Arthur taught physics in secondary schools in Brazil and in the UK for over 13 years and is working as a science tutor in ITE programmes London. During his time as a science teacher, Arthur was fascinated about how current teaching practices are influenced by scholars and programmes which were prominent over the past 150 years, mainly in Western societies.
His current research interests are:
- Initial teacher development
- Teaching models and modelling
- Teachers’ views on the epistemology of science
- Conceptualisation of teaching methods
- Learning by teaching
- Teaching of evolution in primary school
During Arthur's teaching career, he has developed a deep critical appreciation of humanistic approaches to the learning of science, such as how science teaching approaches have tried to emulate some characteristics of the humanities. Pupil-centered teaching (lab work included), the Science Technology and Society movement, and history and philosophy of science-informed approaches are some examples of what might be called ‘humanistic’ science education, which interests him.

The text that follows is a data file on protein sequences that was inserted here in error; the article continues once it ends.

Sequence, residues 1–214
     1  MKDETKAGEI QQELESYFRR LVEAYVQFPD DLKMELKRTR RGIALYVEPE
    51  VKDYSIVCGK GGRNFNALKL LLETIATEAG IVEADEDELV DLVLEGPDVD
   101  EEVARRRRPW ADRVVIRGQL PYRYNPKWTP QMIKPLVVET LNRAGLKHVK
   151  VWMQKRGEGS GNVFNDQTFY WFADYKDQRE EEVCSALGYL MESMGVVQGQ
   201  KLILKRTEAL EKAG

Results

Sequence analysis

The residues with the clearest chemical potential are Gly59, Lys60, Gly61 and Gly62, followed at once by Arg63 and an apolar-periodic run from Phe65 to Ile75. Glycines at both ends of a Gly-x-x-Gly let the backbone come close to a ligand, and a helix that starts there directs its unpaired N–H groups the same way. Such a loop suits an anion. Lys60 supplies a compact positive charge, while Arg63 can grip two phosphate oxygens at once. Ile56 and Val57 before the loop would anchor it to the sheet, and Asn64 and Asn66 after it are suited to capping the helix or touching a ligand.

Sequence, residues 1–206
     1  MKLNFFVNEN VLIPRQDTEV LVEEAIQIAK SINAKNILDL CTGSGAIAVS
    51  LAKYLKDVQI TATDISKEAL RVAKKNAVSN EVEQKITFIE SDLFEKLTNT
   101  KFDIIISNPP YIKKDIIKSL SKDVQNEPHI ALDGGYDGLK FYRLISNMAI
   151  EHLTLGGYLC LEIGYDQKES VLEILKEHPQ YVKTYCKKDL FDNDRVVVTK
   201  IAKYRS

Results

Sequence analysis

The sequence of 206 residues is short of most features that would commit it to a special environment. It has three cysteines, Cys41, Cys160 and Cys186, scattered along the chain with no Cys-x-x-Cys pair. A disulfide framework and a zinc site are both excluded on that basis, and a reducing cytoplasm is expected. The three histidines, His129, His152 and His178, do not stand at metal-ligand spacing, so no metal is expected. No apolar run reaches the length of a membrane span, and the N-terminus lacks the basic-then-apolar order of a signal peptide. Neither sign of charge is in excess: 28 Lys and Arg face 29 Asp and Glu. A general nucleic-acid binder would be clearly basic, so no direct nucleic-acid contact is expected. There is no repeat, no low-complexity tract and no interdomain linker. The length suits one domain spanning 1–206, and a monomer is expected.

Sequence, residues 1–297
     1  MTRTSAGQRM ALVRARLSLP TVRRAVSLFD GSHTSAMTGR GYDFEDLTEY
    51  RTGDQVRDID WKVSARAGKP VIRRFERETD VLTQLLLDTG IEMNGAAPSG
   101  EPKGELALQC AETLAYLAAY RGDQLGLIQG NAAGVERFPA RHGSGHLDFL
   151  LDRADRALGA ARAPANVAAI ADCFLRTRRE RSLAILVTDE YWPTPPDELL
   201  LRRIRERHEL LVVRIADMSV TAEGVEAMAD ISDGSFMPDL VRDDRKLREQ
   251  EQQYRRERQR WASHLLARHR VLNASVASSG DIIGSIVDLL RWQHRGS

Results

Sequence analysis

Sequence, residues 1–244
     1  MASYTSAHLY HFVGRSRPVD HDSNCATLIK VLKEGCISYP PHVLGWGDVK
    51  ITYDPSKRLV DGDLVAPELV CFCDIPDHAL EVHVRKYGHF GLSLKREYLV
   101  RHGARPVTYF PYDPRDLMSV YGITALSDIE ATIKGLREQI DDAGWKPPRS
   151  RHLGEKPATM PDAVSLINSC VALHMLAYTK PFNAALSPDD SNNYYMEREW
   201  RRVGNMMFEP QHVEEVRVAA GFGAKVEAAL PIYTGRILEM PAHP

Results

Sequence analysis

At present, Arthur is seeking to understand in more depth how pupils’ communication (e.g. the ability to organise and present ideas, using gestures, images, videos – just as teachers do!) in classroom would increase enjoyment, improve learning, and humanise science learning. He is also very interested in learning more about the difficulties faced by biologists in teaching physics and vice-versa.